Aid duration refers to the time allowed to achieve the response. If you are not achieving the desired response in that period of time, you need to think about increasing his motivation.

Remember to have soft arms that don’t impede on your horse’s natural neck movement during each stride, and to always release or remove the pressure as soon as the horse responds.

In the previous articles that appeared in the April and May issues of Horses and People, we explained how we train the responses thoroughly in-hand before going through the backing process of habituating the horse to the rider and saddle. The groundwork training included habituation to the whip and training the whip as a light aid (a light tap-tap), so if we ever need to use the whip-tap we know it is not going cause Andy any fear.

If you missed Part Three – Training In-Hand, you can read it online at: http://www. horsesandpeople.com.au/article/ideal-guys-track-hack-story-part-3.

Throughout our training we continually test that the horse is in self-carriage. Self-carriage refers to both the rider’s hands and legs. If your horse is ‘lazy’, make sure that your leg aids haven’t become a maintaining aid (loss of self-carriage from the leg). Your horse should continue moving at the same speed until told otherwise and mistakes are normal, but should always be corrected. Covering your horse’s loss of self-carriage by kicking or nudging all the time with your heels will only make him lazier to the leg as he habituates or becomes desensitised to your leg pressure.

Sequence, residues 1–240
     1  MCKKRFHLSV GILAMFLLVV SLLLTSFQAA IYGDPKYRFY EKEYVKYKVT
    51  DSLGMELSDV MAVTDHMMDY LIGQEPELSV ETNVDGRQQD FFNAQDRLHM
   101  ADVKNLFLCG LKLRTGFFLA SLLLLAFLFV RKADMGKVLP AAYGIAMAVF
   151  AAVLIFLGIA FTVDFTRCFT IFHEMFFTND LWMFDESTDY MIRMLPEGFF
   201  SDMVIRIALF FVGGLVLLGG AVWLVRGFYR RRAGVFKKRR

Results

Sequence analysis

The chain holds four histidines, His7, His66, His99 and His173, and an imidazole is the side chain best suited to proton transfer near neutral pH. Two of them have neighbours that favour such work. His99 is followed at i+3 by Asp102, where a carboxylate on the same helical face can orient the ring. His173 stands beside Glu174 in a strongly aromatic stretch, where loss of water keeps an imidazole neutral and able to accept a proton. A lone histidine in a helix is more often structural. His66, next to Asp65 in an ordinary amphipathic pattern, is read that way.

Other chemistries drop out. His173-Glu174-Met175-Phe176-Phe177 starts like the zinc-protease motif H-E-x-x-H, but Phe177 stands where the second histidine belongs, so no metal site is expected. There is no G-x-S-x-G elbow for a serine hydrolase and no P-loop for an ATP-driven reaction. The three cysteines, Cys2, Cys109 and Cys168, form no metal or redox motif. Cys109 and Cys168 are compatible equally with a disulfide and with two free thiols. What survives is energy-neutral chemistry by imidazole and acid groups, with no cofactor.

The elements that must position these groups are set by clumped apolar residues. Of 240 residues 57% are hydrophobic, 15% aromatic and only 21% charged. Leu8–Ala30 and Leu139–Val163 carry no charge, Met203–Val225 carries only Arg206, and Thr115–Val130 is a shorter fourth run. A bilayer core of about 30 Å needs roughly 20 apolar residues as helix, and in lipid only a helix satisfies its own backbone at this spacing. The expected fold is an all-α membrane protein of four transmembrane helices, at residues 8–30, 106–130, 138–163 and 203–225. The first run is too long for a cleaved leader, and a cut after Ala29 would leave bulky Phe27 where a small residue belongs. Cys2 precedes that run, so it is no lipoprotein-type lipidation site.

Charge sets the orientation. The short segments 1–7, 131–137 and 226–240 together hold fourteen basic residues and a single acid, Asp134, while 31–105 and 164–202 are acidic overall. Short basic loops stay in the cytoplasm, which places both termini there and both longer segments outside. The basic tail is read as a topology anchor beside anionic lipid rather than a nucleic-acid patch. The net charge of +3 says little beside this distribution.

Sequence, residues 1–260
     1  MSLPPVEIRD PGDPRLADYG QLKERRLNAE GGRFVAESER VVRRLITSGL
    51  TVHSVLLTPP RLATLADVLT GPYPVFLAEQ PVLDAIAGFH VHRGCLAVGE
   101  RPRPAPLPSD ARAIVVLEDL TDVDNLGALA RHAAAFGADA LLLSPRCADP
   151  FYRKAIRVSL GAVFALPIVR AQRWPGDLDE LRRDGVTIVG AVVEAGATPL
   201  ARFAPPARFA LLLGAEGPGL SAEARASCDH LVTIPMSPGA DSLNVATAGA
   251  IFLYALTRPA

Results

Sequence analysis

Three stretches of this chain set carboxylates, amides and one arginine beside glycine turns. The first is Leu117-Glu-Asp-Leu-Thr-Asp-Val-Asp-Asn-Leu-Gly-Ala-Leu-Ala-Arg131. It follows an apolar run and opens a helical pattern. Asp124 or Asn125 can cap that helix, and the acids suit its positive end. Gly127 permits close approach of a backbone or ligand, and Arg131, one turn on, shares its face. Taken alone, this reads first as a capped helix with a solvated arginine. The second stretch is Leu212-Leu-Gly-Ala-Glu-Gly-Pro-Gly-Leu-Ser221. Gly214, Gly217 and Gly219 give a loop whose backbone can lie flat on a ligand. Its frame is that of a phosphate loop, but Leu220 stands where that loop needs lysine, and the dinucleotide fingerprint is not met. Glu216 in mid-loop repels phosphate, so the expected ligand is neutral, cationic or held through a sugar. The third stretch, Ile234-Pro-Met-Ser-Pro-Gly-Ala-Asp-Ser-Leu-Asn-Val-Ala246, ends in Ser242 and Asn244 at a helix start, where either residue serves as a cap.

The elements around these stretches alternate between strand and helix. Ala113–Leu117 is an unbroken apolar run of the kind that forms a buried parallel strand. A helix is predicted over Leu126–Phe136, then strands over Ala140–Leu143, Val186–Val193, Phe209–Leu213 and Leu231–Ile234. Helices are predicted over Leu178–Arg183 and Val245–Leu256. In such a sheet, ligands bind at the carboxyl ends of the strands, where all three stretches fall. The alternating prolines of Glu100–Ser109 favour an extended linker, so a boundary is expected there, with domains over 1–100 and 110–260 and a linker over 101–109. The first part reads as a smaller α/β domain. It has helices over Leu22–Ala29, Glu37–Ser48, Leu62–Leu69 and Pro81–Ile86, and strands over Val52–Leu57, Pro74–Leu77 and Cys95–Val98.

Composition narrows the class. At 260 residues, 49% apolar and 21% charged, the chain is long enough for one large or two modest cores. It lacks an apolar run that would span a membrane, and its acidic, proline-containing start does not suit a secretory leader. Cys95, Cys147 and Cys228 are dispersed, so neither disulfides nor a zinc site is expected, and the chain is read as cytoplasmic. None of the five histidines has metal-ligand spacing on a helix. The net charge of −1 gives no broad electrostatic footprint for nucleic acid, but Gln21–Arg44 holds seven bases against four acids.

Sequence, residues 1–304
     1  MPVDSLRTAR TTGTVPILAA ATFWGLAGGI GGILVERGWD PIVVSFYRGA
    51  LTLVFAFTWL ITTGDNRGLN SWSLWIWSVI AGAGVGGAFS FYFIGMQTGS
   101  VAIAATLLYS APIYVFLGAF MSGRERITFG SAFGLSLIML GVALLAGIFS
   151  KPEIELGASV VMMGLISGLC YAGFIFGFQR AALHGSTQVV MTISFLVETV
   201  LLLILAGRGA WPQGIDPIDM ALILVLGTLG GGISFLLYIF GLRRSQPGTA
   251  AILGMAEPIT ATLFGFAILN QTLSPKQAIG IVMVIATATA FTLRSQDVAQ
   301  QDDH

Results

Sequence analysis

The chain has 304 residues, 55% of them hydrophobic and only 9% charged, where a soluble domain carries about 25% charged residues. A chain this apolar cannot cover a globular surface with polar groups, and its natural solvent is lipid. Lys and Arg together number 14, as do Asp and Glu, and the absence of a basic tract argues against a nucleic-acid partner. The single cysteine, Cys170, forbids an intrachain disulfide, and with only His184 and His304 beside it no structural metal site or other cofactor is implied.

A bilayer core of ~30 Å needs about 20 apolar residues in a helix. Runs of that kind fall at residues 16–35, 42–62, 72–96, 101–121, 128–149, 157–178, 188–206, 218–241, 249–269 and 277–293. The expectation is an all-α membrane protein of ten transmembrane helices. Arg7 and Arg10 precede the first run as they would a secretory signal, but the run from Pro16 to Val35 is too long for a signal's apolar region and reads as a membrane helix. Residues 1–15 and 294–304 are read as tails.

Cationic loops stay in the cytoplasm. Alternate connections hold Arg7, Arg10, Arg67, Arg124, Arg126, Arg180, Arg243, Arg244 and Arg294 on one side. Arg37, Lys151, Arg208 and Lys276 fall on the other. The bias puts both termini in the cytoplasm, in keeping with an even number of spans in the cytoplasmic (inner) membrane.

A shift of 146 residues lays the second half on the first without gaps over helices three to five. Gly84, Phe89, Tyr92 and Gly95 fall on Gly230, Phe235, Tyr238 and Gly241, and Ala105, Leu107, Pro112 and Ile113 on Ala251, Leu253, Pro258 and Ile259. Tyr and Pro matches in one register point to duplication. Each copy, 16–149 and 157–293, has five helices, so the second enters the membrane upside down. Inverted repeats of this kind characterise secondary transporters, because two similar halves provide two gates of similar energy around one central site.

The aids under-saddle – STOP 

The ‘stop’ responses are some of the most complicated responses for a horse to learn. This is because the horse has to learn to respond to our light aids yet, at the same time, they also need to habituate to a small amount of pressure, which becomes our neutral or basic contact (a very small amount of pressure that should not elicit a slowing response).

Contact issues (such as headshaking, jibbing, sitting behind the bit, mouth anxiety, neck shortening and heaviness or a hard mouth) are the most common problems I see in training and they are due to people using bit pressure incorrectly.

Most commonly, people use bit pressure to bring the horse into an outline. This can make the horse learn to neck shorten from bit pressure, which can lead to contact issues (the horse coming behind the bit or pulling against it), as well as deteriorating the ‘stop’ response.